State and locally-sourced grant funding for telemedicine initiatives varies significantly depending on the specific state or target community. Grantseekers should look at the traditional health and human service agencies that would be interested in funding telemedicine within their state to know which, if any, opportunities exist. Similar to the federal landscape, urban-based grantseekers will likely need to carve out specific patient populations or medical services, and target the appropriate state agency. However, it is also wise to broaden one’s search to areas that may not seem intuitive. For instance, Virginia uses its Tobacco Settlement Fund to award grants for telemedicine projects across the state through its Special Projects Program. States and local communities across the country also receive funds through the U.S. Department of Housing and Urban Development’s (HUD) Community Development Block Grant Program (CDBG). CDBG funds are targeted at urban communities and must be used to benefit low and moderate-income populations. If you are in a larger town or county, healthcare facilities may seek CDBG funding directly through their municipality. Smaller communities must leverage CDBG funding through their state housing department. Likewise, healthcare facilities are often a large employer in urban areas and can play a key role in the economic development of a community. As such, healthcare facilities may be able to fund their telemedicine projects through grant programs offered by their state commerce and economic development agency. Healthcare providers in the Appalachian or Delta regions of the United States may also be able to fund their initiatives through grant programs made available by the Appalachian Regional Commission and Delta Regional Authority, respectively.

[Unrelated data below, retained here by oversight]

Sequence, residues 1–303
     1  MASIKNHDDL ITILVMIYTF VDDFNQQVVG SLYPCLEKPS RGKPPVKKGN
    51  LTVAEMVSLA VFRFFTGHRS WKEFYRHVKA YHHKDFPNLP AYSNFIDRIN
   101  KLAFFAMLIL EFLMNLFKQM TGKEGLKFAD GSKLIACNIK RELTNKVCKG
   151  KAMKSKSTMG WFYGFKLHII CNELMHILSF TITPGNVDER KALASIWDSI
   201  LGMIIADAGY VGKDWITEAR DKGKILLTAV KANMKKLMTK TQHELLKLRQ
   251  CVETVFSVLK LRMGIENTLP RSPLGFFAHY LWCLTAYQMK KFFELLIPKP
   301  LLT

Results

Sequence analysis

Foundation Grant Funding
Funding technology-based projects through foundations can sometimes be a difficult task, especially if the link to patients is ancillary or indirect. For instance, many foundations view electronic medical records as “business record keeping” (i.e. a required task of any hospital to be in operation) thus are not interested in funding such initiatives. However, if your reason for maintaining electronic medical records is because you’re trying to implement a patient portal module – which can be used to directly impact patient care – then it is much easier to position your project to foundations as more than requesting support for general operations.
Foundations report annually on the number of people they touch and how the quality of life of these individuals improves because of their funding of specific projects. Fortunately, telemedicine technology can directly impact patient care by improved access and/or quality. As such, a technology-enabled project holds the potential to be highly fundable and of great interest to regional or local foundations provided you’re able to articulate how the technology will help you achieve your goals related to access and quality. Furthermore, since these foundations target particular regions or communities, you are not competing with as large of applicant pool as you may find in the federal space. For these reasons, foundations may be the best and most logical choice for healthcare providers that are seeking funds for their urban telemedicine initiative. The goal will be to tailor your request to the priorities of the foundation. If a foundation has priorities around health care access and low-income children – you may want to tailor your funding request to deliver telemedicine services to the poorest schools and daycare centers. In contrast, if a foundation has a focus on mental health – you may want to propose a tele-psychiatry project to the funder. Since foundation funding levels are typically lower than those seen at the federal level, remember to carve out pieces of your overall project budget that will align best with the specific foundation funder.
Telemedicine is fundamentally changing the way health care is being delivered by improving access to care and doing so in a manner that is convenient to the patient. Fortunately, there are grant programs available to assist providers with developing and expanding such initiatives. While it may seem like most funding is earmarked for rural areas, there is the potential to realize grant dollars for urban-based projects as well. The key is to focus on the specific medical service lines, and vulnerable populations that will be served, as well as conducting a comprehensive funding search across federal, state, local and foundation sources.